Advent 2020: 1 Thessalonians 5:1-11

During the season of Advent, I am translating from Greek to English the weekday epistle readings out of the Daily Lectionary of the Book of Common Prayer.

Monday, 7 December 2020 1 Thessalonians 5:1-12

The Text

Chapter Five

1. But brothers and sisters, you do not have a need for me to write about the times and moments. 

2. For you yourselves know full well the Day of the Lord comes as a thief in the night.

3. Right when they shall say, “Peace” and “Security”, suddenly destruction then will come upon them just like birth pangs come. They shall not escape it.

4. But you are not in the dark brothers and sisters, therefore that day will not seize you like a thief.

5. For you are all children of light and children of day. We are not of the night and darkness. 

6. Consequently, we should not sleep as everyone else, but we must be watchful and sober.

7. For those who sleep, sleep at night; those who get drunk, get drunk at night.

8. But we, being creatures of the day are putting on the breastplate of faith and love and the helmet of hope for salvation. 

9. God did not put us here for wrath, but to acquire salvation through our Lord Messiah Jesus,

10. the one who died for us, so that together we might live with him whether we are awake or asleep. 

11. Therefore, continue as you are doing, encouraging one another and edifying one by one. 


The twist in verse three should get our attention. The text reminds us that when people thing all will be well, when people are saying “we have achieved peace” and “we are all secure” that is when the Lord will come. It reminds us what every good storyteller knows: right when things are going too good to be true, that is when the bottom falls out. I am fascinated by the echo of Babel (Genesis 11) here. It might be a reach, but it was right at the height of human achievement when human beings thought they had achieved peace, unification, and power that the Lord came and confounded everything.

The two images of what the day is like are also gripping. One is birth pangs. Birth pangs are severe, and when things go well, it ends in something wonderful: new life. But, the pangs themselves start relatively mild (ADMISSION HERE–AS A MAN I DON’T NOW THIS FIRST HAND, BUT I HAVE OBSERVED IT FROM VERY CLOSE QUARTERS) but then the intensity increases with each successive wave. We can expect some sense in which the end will be like that — pangs, waves of problems that ebb and flow, but each wave is successfully worse.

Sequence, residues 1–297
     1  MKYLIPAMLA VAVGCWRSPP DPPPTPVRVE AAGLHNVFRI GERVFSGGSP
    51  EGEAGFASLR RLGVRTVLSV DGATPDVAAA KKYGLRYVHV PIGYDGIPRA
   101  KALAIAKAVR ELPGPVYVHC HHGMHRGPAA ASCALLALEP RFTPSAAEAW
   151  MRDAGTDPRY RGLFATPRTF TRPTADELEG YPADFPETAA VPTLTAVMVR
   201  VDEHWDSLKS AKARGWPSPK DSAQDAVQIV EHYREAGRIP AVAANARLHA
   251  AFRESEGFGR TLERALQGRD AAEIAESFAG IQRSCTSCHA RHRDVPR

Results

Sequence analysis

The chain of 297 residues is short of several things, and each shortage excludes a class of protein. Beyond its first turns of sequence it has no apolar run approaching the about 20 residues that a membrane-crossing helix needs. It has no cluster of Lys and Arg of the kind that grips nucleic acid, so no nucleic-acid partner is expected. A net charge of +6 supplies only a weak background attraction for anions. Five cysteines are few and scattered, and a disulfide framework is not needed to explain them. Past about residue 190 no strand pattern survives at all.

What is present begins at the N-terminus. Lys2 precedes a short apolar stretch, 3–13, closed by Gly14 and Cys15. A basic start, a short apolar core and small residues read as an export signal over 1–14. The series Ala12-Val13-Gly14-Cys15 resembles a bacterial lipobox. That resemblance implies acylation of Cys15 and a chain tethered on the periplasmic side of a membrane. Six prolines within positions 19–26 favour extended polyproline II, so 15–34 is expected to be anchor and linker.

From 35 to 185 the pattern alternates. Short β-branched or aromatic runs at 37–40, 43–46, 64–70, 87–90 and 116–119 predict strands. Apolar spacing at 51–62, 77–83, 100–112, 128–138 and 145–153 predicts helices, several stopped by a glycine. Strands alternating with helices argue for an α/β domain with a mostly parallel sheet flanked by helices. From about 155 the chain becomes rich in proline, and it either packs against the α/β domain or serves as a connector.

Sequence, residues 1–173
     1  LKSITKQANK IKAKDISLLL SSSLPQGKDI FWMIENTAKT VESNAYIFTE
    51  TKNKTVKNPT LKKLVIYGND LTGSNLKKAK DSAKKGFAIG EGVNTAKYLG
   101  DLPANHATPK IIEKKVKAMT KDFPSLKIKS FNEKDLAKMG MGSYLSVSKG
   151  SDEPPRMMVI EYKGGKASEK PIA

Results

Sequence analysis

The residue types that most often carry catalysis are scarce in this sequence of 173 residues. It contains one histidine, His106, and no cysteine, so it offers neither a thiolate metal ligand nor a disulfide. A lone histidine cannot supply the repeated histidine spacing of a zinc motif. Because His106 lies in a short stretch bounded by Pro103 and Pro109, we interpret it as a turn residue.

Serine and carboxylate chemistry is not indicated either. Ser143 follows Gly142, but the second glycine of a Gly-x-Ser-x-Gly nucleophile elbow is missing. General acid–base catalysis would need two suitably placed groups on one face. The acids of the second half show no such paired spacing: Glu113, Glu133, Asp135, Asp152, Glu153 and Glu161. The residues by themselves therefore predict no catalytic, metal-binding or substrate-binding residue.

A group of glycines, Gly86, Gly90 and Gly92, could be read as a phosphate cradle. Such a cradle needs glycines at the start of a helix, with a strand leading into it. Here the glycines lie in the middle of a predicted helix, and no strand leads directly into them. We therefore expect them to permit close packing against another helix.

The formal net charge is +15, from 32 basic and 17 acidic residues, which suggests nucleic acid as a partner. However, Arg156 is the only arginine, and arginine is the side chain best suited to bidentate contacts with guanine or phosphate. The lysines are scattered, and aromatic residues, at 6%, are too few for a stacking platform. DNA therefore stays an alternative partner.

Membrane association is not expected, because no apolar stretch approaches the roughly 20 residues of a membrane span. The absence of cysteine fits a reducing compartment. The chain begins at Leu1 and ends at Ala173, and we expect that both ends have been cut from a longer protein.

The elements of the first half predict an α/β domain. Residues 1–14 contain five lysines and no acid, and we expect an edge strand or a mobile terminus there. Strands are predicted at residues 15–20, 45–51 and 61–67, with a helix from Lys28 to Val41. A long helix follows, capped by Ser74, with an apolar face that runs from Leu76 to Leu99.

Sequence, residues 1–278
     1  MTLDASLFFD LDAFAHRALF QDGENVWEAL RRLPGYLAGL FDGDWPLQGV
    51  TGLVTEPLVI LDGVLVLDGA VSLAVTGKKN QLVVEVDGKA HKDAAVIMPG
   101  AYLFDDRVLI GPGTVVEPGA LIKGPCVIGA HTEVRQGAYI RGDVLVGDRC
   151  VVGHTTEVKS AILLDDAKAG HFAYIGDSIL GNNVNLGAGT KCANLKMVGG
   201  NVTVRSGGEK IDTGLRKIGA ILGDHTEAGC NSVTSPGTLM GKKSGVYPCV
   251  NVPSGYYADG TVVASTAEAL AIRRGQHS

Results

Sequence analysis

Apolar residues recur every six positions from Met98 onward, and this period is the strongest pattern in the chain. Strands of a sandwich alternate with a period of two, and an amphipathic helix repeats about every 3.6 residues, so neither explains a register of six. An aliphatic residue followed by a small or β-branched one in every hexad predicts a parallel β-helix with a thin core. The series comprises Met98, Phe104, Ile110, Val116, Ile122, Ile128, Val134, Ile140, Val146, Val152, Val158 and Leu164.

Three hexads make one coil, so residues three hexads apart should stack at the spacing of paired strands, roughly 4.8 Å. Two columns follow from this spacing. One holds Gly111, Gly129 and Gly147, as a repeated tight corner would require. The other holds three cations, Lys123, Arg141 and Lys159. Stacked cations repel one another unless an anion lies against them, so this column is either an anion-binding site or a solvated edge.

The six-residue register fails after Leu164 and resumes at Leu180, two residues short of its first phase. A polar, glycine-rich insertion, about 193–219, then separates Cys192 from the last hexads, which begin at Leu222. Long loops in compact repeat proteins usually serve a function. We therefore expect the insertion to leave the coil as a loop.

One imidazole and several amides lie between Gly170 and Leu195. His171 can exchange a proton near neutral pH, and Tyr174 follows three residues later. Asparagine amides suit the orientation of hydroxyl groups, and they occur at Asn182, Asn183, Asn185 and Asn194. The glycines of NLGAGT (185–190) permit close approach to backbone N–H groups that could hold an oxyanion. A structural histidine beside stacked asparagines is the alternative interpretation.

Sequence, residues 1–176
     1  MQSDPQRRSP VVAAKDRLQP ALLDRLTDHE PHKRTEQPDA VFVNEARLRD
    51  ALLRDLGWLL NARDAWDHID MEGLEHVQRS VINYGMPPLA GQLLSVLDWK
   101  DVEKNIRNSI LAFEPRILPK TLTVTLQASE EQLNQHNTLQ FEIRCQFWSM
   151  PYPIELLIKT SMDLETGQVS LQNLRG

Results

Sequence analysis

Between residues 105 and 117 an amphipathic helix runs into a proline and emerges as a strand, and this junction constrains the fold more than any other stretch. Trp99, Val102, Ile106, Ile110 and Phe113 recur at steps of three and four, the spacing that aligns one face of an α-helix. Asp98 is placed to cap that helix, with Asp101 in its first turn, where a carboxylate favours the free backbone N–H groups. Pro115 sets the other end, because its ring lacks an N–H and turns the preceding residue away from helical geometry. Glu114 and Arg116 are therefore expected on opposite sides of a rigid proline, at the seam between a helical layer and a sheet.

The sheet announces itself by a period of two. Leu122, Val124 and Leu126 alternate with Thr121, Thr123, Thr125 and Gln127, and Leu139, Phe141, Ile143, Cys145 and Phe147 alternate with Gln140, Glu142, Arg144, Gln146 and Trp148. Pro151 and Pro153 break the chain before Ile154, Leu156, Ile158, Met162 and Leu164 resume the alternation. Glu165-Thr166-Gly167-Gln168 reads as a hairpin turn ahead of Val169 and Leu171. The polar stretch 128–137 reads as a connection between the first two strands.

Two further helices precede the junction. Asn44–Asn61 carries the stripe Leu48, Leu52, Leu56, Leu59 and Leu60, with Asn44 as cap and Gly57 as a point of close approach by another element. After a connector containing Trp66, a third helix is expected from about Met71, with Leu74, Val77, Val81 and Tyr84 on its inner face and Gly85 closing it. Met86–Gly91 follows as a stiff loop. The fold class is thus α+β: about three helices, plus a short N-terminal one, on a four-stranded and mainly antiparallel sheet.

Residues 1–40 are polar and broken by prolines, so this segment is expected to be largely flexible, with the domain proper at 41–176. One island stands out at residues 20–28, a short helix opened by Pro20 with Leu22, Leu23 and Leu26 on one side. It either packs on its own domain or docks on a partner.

This gradual onset of increasing pangs seems at odds with the other visual put forth by Paul — the thief in the night. There is no preparation, no warning, and usually no awareness of the event until after the fact. How do we square these two? One solution is to think not of the entire birth pangs, but of the sudden onset of them. A woman may know her time is near, but the uncertainty of the exact moment (unless induced) still lingers over her and her family. Another solution is perhaps to view it like a thief coming in the night at the start — but then the pangs come in successive waves until it is over.

Either way, it doesn’t seem very pleasant.

For verse 8, consider the longer treatment of this theme in Ephesians 6:10ff. The exhortation here to be awake and be sober is not about abstaining from drinking, unless one is prepared to argue we should abstain from sleep as well. These are examples of when we are not alert. Spiritually, we must not fall asleep on our obligations and our community, and we must not become intoxicated with either the world or ourselves. These will cause us to not be ready when the the first contraction hits.

Questions For Application

  1. If you were awaken in the middle of the night to the presence of a prowler, what would your first thought be? Now, apply that to the coming of Jesus?
  2. When the birth pangs come, what is the greatest fear a woman has? Now, apply that to the coming of Jesus.
  3. How exactly are you watching? What proactive steps are you taking?
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